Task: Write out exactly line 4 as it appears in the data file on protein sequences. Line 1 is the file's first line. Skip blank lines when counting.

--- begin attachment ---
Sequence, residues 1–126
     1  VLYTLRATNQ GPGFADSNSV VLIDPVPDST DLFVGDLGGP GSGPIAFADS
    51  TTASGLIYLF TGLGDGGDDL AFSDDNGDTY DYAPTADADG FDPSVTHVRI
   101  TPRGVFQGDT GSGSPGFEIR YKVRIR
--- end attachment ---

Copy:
   101  TPRGVFQGDT GSGSPGFEIR YKVRIR